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New Zealand 1984 "Antarctic Research"
|ID||Michel: 889-892, BL. 5 Scott: 791-794 Stanley Gibbons: 1327-1331 Yvert: 859-862, BL. 49 UPU: N/A Category: pF|
|Author||R M Conly, Waikanae|
|Stamps in set||4|
|Size (width x height)||42 x 30 mm|
|Layout||100 stamps in sheet|
|Products||FDC x 2 MS x 1|
|Perforation||13.6 x 13.2|
|Printed by||Cambec Press, Australia|
|Issuing Authority||New Zealand Post|
In the last 100 years, 'Terra Australis Incognita', the 'Hidden Southern Land', has been slowly unveiling its secrets after spending a lifetime in forbidding silence. Its 14 million square kilometres of ice and snow is described as being the driest, coldest and windiest place in the world. Yet, undeniably, this cruel continent commands an air of awesome significance and supreme beauty. On the southern most tip of Ross Island, located on the edge of the Ross Ice Shelf on the Antarctic continent, is Scott Base, established in 1957 to support New Zealand's participation in the International Geophysical Year scientific research programme. Since then it has been continuously occupied by scientists and support staff. Other bases have been established including Vanda Station on the shores of Lake Vanda in the Dry Valley region of Victoria Land on the Antarctic continent proper, and at Cape Bird on the northern tip of Ross Island, 100 kilometres from Scott Base. The seasons govern the population and the work carried out.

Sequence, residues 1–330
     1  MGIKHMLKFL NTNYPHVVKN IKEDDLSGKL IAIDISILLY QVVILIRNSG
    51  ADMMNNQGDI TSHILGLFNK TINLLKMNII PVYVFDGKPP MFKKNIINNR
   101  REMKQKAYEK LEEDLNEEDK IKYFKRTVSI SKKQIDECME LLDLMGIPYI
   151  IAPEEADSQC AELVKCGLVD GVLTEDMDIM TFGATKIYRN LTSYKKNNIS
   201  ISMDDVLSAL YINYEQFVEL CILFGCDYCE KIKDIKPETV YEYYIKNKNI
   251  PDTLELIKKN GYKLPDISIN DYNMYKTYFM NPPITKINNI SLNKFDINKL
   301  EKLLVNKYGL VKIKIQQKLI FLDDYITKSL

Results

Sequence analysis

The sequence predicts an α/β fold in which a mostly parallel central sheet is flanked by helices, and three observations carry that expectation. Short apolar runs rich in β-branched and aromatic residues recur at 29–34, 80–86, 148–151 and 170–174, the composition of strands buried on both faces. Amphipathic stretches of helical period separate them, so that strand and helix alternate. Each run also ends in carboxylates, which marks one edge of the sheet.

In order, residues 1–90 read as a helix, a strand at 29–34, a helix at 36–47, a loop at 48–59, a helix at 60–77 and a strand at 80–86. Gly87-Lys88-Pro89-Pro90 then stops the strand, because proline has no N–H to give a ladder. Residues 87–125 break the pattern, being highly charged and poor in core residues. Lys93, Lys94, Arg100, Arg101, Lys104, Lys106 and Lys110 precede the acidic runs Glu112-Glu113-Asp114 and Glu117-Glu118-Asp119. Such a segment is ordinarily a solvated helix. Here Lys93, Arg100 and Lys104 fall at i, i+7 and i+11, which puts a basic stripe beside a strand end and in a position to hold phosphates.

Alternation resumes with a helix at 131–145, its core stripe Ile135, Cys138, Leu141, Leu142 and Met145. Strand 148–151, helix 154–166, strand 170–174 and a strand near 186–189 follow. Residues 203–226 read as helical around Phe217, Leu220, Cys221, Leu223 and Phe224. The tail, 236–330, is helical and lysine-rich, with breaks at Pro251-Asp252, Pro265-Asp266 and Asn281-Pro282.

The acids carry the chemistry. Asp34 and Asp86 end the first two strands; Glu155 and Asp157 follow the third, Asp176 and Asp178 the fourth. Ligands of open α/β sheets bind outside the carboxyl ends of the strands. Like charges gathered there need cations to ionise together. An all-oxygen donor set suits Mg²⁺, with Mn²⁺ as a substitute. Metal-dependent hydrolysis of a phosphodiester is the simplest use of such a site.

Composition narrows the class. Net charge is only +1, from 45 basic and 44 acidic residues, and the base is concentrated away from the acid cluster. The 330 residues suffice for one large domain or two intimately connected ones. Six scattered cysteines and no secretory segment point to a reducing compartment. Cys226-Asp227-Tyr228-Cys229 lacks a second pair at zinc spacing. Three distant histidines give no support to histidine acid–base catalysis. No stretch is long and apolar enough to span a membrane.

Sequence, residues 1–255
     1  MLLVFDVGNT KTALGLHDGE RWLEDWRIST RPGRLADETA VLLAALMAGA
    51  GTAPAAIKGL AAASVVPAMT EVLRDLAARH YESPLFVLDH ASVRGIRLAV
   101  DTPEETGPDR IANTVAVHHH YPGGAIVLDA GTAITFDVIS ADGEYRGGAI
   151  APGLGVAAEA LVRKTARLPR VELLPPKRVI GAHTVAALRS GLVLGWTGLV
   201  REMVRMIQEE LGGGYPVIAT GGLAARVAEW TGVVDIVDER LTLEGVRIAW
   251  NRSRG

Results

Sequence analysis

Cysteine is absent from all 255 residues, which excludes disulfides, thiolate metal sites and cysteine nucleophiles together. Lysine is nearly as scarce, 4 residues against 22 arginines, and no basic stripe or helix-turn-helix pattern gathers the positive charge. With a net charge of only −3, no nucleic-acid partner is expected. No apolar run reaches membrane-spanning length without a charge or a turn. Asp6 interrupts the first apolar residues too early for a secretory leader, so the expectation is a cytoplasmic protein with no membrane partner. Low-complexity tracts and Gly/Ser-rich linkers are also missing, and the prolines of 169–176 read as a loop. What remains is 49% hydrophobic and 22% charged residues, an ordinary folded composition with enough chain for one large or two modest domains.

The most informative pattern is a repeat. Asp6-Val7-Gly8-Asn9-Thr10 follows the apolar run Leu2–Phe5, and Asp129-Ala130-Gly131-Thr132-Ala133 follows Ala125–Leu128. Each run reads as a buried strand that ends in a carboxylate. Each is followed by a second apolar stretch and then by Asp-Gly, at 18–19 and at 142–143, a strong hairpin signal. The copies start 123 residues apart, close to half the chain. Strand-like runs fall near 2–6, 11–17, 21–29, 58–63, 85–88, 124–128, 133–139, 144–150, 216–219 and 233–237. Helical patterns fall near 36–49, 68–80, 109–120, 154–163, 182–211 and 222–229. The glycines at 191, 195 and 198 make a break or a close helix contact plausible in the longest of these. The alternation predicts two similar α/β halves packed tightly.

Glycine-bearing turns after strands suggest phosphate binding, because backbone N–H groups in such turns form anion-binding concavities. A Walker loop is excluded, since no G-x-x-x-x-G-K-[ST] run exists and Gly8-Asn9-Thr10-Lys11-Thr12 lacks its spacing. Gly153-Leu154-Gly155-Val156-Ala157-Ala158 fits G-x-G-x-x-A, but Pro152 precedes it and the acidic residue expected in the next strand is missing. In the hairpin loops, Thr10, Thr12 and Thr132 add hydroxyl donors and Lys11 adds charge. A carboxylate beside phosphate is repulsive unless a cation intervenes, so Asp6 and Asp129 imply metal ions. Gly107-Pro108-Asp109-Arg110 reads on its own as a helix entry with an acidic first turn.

This set saluted scientists of all nations working in the Antarctic.
24c - Geological
Research - at Shapeless Mountain:
40c - Biological
Research - Seal Colonies:
58c - Glaciological
Research - 'Winkle' Drilling:
|70c - Meteorological Research: |
References: New Zealand Post
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Latest update 03.02.2013
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